Motion S4M-11807: Siobhan McMahon, Central Scotland, Scottish Labour, Date Lodged: 04/12/2014 Show Full Motion >>
Motion S4M-11806: Siobhan McMahon, Central Scotland, Scottish Labour, Date Lodged: 04/12/2014 Show Full Motion >>
Motion S4M-11805: Siobhan McMahon, Central Scotland, Scottish Labour, Date Lodged: 04/12/2014 Show Full Motion >>
Motion S4M-11793: Siobhan McMahon, Central Scotland, Scottish Labour, Date Lodged: 03/12/2014 Show Full Motion >>
Motion S4M-11791: Siobhan McMahon, Central Scotland, Scottish Labour, Date Lodged: 03/12/2014 Show Full Motion >>
Motion S4M-11790: Siobhan McMahon, Central Scotland, Scottish Labour, Date Lodged: 03/12/2014 Show Full Motion >>
Motion S4M-11579: Siobhan McMahon, Central Scotland, Scottish Labour, Date Lodged: 17/11/2014 Show Full Motion >>
Motion S4M-11578: Siobhan McMahon, Central Scotland, Scottish Labour, Date Lodged: 17/11/2014 Show Full Motion >>
Motion S4M-11413: Siobhan McMahon, Central Scotland, Scottish Labour, Date Lodged: 04/11/2014 Show Full Motion >>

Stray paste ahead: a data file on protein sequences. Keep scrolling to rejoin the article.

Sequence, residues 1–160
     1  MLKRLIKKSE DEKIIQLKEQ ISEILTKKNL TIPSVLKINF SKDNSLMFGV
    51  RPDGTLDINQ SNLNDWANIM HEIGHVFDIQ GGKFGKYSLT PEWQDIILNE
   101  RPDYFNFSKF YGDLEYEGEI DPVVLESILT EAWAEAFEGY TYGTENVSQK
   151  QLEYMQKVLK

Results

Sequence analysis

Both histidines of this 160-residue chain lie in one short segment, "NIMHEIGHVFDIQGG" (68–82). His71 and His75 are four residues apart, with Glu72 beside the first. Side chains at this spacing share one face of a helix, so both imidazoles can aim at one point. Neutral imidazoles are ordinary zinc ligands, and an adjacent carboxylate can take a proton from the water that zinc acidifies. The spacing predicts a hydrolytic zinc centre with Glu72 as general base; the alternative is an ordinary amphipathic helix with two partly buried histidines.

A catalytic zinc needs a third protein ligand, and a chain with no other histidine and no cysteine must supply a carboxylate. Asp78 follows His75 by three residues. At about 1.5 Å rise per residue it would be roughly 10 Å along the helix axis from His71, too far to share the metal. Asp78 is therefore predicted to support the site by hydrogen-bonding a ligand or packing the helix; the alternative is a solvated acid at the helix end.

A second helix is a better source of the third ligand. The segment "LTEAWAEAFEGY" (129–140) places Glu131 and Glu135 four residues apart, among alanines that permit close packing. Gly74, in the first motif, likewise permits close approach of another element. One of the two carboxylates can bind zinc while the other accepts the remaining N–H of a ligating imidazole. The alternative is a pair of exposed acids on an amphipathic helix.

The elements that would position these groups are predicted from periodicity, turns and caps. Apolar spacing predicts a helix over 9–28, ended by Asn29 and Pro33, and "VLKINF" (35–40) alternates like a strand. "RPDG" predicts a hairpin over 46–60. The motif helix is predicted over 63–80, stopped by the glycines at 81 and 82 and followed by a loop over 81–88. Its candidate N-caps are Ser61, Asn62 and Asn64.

Motion S4M-11307: Siobhan McMahon, Central Scotland, Scottish Labour, Date Lodged: 27/10/2014 Show Full Motion >>
Search for other Questions asked by Siobhan McMahon
EventIdTypeSub TypeMSP NameParty NameConstituencyRegionTitleItemTextFormattedAnswer DateAnswerStatusIdExpectedAnswerDateAnsweredByMspApprovedDateSubmissionDateMeetingDateProductionStatusIdRecordStatusIdStatus DateOnBehalfOfConsideredForMembersBusinessCrossPartySupportRegisteredInterestSupportCountSupportDateIsEventLinkCurrentMinister
Question S4W-23623: Siobhan McMahon, Central Scotland, Scottish Labour, Date Lodged: 10/12/2014 Show Full Question >>
Question S4O-03762: Siobhan McMahon, Central Scotland, Scottish Labour, Date Lodged: 24/11/2014 Show Full Question >>
Question S4W-23277: Siobhan McMahon, Central Scotland, Scottish Labour, Date Lodged: 20/11/2014 Show Full Question >>
Question S4W-23103: Siobhan McMahon, Central Scotland, Scottish Labour, Date Lodged: 11/11/2014 Show Full Question >>
Question S4O-03724: Siobhan McMahon, Central Scotland, Scottish Labour, Date Lodged: 10/11/2014 Show Full Question >>
Question S4O-03615: Siobhan McMahon, Central Scotland, Scottish Labour, Date Lodged: 20/10/2014 Show Full Question >>
Question S4W-22805: Siobhan McMahon, Central Scotland, Scottish Labour, Date Lodged: 08/10/2014 Show Full Question >>
Question S4O-03592: Siobhan McMahon, Central Scotland, Scottish Labour, Date Lodged: 29/09/2014 Show Full Question >>
Question S4W-22575: Siobhan McMahon, Central Scotland, Scottish Labour, Date Lodged: 23/09/2014 Show Full Question >>
Question S4O-03538: Siobhan McMahon, Central Scotland, Scottish Labour, Date Lodged: 15/09/2014 Show Full Question >>